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An option I hadn't originally mentioned would be to trench the length of the post holes and add a drain. Trenching the length of the fenceline would have been a lot of work and likely destroyed a handful of productive fruit trees. After conversing with my neighbor it turns out he has a drain pipe 6 inches (15 cm) into his property line used for his rain ...


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An old claim staking trick is to first dig the hole to the depth you want. Put the post (claim corner) in the hole. Pack 1 inch (large) gravel only in the hole. Wiggle the post to pack the gravel around the post. The pebbles wedge between each other, the post, and the side of the hole. Work the gravel into the hole until the post stops wiggling. Works as ...


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I have heavy clay that won’t drain. I dipped the end of my pressure treated posts in liquid asphalt (roofing material) and let them dry before cementing them in. 20 years, and they are still in pretty good shape.


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Your other option is to fit a short concrete post, and bolt the wooden post to it. It's more expensive, but the concrete won't rot when the hole fills with water. Around here they're often called a 'grandfather' but apparently the official name is a 'repair spur'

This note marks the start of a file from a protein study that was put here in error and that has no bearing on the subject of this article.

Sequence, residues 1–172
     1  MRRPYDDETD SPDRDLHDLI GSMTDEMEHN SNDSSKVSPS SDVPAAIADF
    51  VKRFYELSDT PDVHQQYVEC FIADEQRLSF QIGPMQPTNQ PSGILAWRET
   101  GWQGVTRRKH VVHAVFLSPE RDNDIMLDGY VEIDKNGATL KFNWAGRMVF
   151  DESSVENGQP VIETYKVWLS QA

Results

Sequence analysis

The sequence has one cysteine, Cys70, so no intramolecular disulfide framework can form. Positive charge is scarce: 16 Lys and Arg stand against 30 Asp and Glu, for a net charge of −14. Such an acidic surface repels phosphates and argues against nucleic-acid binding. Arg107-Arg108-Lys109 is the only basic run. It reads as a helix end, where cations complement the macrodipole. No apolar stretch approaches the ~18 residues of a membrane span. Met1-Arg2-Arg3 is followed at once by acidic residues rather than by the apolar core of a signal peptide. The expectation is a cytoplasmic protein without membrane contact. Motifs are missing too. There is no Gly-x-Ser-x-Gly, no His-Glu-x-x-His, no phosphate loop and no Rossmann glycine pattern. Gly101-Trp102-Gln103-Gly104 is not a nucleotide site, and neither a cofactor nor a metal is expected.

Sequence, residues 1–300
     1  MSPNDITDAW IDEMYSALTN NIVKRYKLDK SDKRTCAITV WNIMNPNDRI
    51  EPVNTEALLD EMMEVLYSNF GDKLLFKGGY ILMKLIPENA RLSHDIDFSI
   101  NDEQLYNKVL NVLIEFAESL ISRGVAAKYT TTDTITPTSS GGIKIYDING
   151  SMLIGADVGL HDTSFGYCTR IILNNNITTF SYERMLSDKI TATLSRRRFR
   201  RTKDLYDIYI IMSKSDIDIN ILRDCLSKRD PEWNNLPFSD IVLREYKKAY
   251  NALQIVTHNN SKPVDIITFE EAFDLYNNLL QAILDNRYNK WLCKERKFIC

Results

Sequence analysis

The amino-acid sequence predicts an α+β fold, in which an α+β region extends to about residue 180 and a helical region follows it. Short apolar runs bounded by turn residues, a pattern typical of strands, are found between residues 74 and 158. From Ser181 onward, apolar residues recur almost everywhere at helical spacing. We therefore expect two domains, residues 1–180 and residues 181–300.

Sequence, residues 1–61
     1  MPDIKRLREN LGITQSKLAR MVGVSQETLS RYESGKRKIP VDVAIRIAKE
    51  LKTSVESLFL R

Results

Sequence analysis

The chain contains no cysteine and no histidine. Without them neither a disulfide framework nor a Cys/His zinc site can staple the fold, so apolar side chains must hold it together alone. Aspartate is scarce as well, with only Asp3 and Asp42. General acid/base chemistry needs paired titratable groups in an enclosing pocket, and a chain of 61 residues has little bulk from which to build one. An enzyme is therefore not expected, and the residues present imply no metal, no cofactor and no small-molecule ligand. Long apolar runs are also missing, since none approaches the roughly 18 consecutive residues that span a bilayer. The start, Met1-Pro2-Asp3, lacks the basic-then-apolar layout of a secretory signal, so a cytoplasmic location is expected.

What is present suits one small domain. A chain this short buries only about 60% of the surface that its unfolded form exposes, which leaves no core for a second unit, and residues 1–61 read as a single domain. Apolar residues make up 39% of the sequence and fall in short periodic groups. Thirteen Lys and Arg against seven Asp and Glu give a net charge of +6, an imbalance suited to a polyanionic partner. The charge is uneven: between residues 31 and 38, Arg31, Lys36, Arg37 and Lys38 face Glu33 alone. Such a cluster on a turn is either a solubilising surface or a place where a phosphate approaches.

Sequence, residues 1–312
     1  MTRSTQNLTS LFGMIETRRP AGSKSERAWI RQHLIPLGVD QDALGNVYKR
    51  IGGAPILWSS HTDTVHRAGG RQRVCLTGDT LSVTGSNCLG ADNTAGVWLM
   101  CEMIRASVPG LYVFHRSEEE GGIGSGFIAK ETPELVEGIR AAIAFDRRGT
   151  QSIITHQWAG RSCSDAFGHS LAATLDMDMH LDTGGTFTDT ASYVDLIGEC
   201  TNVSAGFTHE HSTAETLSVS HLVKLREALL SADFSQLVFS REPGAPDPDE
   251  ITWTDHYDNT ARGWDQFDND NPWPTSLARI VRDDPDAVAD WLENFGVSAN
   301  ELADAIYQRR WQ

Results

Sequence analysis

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Dig them deeper, perhaps 6ft or even 8 and fill up to level with the pea gravel. That should provide sufficient volume to drain the water from the posts. However there may be other water seeping in. One solution I saw was to drill into the post from the bottom and meet that centre hole with a small hole from one face. The bottom hole is capped and then a ...


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What if you poor the concrete into the hole before inserting the post? Just wiggle it down? Seems like that would be easier than trying to poor concrete around the pole. Curious to know the outcome of your project


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I ended up going with the first option since it was indeed the easiest, and when these need to be replaced, it'll be easier to break up than an entirely solid footing.


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You are looking at a swaged cable end, specifically a threaded tensioning type of end. Special tools are needed to perform the swaging, especially if the part is stainless. I've used hand swaging tools for aircraft cable, but the fittings are far more malleable than stainless. But you're in luck, as my searches found swageless cable components specifically ...


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